News: The High Court splits three ways on three-way splits

Today’s decision in Perara-Cathcart v The Queen [2017] HCA 9 reviews a split decision in the Full Court of South Australia’s Supreme Court, which Gageler J’s judgment usefully describes with a table:

This combination raises a long-standing puzzle about the judgments of multi-member courts that have to decide two different issues in a particular case and manage to produce a three-way split. (See here for discussion of another example.)

In this case, the two issues were whether the trial judge erred (specifically in directing the jury) and whether the error was substantial enough to require a new trial (a question referred to in Australian law as ‘the proviso’.)  Justice Gageler describes this puzzle as, it applies to South Australia’s appeal statute, follows:

Is there one big question as to whether the appeal against conviction should be allowed or dismissed under s 353(1) and, if allowed, as to what consequential direction should be made under s 353(2)? Or do two questions arise sequentially under s 353(1): the first as to whether the
Full Court thinks that the verdict of the jury should be set aside on one or more of the three identified grounds, and the second question as to whether the Full Court considers that no substantial miscarriage of justice has actually occurred?

Two judges (Gageler and Gordon JJ) decided there was just ‘one big question’ while the remaining four judges (the plurality and Nettle J) decided that there were two.

But, the High Court granted leave (actually a notice of contention from the prosecution, disputing the reasoning of the court below despite agreeing with the result) on the two issues that were before the South Australian court too. Interestingly, this resulted in the six member court splitting three ways.  Here (Gageler J-style) is how the three questions (the two issues, and the multi-member court issue) panned out for the six judges:

Fortunately, the Court’s three-way split was easily resolvable. While a 4-2 majority thought that, given the findings the three judges made, the South Australian court should have allowed the defendant’s appeal, a 5-1 majority also found that Gray J was right to find that the direction to the jury was adequate (and, like Gray J, that meant that they didn’t have to determine whether to apply the proviso.)  Only Nettle J thought that one judge below (Kourakis CJ) correctly found in favour of the defence on each point, so he was the only judge who would have allowed the appeal. It’s the 5-1 decision that determined the High Court’s order, dismissing the case. The 4-2 ruling is mere (quite well considered) dicta.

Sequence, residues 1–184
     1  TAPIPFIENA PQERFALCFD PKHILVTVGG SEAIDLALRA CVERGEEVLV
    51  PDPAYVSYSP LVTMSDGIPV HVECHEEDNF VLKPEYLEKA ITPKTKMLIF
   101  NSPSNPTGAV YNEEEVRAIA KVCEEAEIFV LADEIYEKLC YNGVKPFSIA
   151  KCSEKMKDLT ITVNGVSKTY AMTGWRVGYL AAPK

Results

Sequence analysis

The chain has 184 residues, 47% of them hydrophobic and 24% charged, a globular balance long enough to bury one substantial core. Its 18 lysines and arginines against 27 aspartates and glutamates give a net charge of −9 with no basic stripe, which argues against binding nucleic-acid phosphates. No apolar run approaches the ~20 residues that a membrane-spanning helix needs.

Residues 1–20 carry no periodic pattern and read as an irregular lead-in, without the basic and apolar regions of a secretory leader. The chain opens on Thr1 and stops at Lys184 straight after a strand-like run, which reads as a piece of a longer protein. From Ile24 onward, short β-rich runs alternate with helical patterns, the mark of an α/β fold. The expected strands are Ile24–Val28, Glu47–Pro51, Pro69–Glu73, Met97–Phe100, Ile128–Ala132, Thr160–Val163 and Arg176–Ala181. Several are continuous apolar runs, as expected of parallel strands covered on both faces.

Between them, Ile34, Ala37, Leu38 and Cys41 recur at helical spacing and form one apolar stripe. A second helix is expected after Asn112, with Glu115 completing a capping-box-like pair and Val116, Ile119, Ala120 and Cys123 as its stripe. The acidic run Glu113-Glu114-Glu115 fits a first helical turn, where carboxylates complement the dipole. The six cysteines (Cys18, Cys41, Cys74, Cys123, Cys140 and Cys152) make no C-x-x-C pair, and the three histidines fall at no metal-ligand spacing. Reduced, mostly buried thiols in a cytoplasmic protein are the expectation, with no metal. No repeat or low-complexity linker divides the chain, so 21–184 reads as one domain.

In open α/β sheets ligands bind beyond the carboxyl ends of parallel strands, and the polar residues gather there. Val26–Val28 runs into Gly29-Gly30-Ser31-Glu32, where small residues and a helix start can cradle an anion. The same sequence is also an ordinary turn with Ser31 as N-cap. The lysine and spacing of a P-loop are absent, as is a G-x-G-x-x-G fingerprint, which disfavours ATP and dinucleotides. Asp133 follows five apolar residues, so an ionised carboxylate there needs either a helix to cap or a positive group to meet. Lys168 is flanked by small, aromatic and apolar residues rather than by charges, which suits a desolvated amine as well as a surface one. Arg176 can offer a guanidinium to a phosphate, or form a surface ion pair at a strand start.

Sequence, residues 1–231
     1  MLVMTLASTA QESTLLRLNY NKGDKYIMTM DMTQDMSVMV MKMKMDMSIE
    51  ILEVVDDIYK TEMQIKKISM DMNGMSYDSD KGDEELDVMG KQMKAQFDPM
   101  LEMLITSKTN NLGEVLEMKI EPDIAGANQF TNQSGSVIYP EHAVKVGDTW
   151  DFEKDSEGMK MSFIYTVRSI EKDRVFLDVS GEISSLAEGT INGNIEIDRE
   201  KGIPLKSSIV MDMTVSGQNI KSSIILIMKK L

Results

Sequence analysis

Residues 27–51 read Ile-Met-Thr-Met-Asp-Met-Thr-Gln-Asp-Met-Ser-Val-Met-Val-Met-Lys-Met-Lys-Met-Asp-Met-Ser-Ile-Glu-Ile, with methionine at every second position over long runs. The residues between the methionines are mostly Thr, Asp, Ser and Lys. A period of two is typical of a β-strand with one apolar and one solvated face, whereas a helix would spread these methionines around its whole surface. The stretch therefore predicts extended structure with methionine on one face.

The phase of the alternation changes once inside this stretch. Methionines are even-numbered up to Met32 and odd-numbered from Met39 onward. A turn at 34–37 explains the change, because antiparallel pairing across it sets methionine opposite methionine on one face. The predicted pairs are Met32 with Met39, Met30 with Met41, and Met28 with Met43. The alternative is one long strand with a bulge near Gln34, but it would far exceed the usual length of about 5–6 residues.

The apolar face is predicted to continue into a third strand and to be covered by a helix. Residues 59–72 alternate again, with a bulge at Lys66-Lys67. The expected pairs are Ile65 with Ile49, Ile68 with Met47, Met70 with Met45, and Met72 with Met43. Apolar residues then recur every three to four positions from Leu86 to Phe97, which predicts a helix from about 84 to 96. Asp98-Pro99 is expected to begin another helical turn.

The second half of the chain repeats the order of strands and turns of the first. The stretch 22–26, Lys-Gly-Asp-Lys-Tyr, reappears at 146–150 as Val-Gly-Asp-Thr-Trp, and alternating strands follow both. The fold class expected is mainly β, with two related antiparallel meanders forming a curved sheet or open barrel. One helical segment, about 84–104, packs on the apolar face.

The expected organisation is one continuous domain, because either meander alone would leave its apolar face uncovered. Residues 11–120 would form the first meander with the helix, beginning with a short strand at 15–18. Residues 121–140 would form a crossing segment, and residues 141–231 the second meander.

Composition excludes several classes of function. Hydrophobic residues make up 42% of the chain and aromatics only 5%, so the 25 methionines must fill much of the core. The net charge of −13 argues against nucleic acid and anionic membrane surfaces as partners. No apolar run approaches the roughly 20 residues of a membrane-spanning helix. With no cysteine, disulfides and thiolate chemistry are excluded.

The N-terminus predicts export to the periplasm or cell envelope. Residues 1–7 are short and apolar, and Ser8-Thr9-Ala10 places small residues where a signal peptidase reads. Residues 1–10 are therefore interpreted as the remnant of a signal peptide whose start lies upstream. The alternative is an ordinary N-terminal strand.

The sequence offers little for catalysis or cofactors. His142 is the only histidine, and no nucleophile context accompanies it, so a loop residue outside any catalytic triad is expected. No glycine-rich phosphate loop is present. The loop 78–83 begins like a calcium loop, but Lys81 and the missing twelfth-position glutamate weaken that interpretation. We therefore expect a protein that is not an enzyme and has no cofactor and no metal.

And now some multi-judge puzzles for you at home. What if the High Court judges had made the following findings (variations from today’s decision noted in bold)?

In each instance, would the High Court’s order have been ‘appeal dismissed’ or ‘appeal allowed’? (Note that ‘appeal allowed’ in each table is about what each judge thought the South Australian court should have ordered, given the split in that court, not what each judge thought the order should be in the High Court.) Feel free to leave your answers (and any suggested variations of your own) in the comments.

This entry was posted in News, Opinions by Jeremy Gans. Bookmark the permalink.

About Jeremy Gans

Jeremy Gans is a Professor in Melbourne Law School, where he researches and teaches across all aspects of the criminal justice system. He holds higher degrees in both law and criminology. In 2007, he was appointed as the Human Rights Adviser to the Victorian Parliament's Scrutiny of Acts and Regulations Committee.